AN INVESTIGATION into a senior policeman who was on fully paid “gardening leave” for nearly three years has finally been dropped – after costing the taxpayer more than £1 million.
Almost four years after serious allegations of misconduct were made against former Central Scotland Police assistant chief constable (ACC) John Mauger, the case has officially been closed.
Mr Mauger was receiving more than £104,000 a year until last July – despite not working since June 2010, while misconduct allegations against him were investigated.
The cost of keeping Mr Mauger on paid leave and the legal fees of the investigation are expected to top £1m.
Now politicians are calling for an explanation and an inquiry into how this situation was allowed to go on for so long before a resolution was reached.
Mr Mauger joined the now defunct Central Scotland Police in April 2009.
But 14 months later, he was put on gardening leave amid claims of insubordination and inefficiency, after supposed clashes with the then chief constable of his force, Kevin Smith.
Mr Mauger was alleged to have criticised Mr Smith to other officers.
It has always been stressed that Mr Mauger was not suspended, and he finally returned to work last July as an ACC with the newly formed Police Scotland, although not one of the six with a role in its executive.
An inquiry into the allegations was carried out by Chief Constable Colin McKerracher of Grampian Police, and it was presented to board members in 2011. However, all allegations of misconduct were finally dismissed on two weeks ago by the Scottish Police Authority (SPA), lifting the threat hanging over the officer, but leaving the taxpayer to foot a large bill.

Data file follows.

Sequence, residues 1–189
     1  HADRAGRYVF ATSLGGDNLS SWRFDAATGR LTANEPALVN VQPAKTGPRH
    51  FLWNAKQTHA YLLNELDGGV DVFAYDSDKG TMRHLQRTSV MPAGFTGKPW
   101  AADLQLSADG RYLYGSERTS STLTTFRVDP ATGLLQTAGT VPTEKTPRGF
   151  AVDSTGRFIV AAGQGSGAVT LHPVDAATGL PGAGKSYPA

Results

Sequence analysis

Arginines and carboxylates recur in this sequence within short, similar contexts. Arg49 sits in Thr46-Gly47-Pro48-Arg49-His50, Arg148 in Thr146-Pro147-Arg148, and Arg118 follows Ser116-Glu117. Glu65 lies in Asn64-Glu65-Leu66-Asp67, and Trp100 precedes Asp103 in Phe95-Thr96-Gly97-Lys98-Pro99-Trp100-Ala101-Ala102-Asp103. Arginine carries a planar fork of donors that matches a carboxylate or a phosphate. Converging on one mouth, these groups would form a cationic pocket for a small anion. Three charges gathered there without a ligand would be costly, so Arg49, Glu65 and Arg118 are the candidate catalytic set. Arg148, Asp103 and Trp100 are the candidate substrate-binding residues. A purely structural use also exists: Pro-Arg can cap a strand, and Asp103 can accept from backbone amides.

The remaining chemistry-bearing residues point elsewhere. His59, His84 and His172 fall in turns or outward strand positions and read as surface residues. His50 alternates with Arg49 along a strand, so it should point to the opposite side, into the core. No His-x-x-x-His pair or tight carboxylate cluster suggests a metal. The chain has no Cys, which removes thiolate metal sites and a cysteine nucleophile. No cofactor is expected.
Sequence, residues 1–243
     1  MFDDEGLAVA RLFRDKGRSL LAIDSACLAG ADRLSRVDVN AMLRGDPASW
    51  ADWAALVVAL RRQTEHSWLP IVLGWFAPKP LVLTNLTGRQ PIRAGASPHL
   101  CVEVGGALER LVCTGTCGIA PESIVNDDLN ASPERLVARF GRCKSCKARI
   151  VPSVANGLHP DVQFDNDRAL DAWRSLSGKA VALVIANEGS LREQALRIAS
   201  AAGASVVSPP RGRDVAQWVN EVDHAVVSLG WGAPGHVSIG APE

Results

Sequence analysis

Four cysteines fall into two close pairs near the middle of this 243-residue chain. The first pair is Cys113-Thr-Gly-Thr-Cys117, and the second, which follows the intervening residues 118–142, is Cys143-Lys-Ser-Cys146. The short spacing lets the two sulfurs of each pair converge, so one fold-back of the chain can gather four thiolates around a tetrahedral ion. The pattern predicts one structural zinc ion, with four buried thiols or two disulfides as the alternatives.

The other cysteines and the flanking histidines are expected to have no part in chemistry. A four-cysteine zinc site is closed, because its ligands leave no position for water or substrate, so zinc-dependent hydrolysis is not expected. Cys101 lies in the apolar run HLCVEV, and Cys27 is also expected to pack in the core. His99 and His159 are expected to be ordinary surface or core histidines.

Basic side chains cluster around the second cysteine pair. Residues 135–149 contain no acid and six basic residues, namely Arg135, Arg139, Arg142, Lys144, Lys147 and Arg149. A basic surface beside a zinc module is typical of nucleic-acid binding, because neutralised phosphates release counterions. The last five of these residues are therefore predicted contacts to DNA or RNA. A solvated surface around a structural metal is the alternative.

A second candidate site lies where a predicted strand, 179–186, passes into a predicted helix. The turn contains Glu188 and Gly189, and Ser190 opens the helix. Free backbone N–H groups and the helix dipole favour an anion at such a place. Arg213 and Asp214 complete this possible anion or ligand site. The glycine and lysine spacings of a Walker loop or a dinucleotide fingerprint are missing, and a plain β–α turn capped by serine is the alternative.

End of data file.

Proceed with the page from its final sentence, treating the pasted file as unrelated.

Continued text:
Mr Mauger has always declined to comment, but a source close to him previously said: “This is a waste of public money and, so far, no-one has been taken to task.”
It is understood that he is now involved in “project work”.
The new SPA assumed many of the responsibilities, functions and liabilities related to existing complaints, conduct and misconduct matters.
A source said yesterday that Mr Mauger had not been permitted to undertake front-line duties and was unable to put his wealth of experience to use.
For four years, a wall of silence has been thrown up around the inquiry, with those involved effectively gagged from speaking about any incident.
But with this week’s news that the officer has no case to answer, calls have come from politicians for a full explanation of the events.
Michael Matheson, the SNP MSP for Falkirk West, said: “Given the length of time that this matter has been dragging on and the considerable amount of taxpayers’ money involved, the public deserve an explanation from Police Scotland on how this whole affair has been handled.”
His comments were echoed by his Falkirk East colleague Angus MacDonald, who said: “This issue has dragged on for an unacceptable period of time.
“I would be keen to know if Police Scotland intend to investigate the whole process and the chain of events.
“However, I am disappointed the issue was not properly addressed at the time by the former Central Scotland Joint Police Board.”
The SPA declined to comment on an individual case.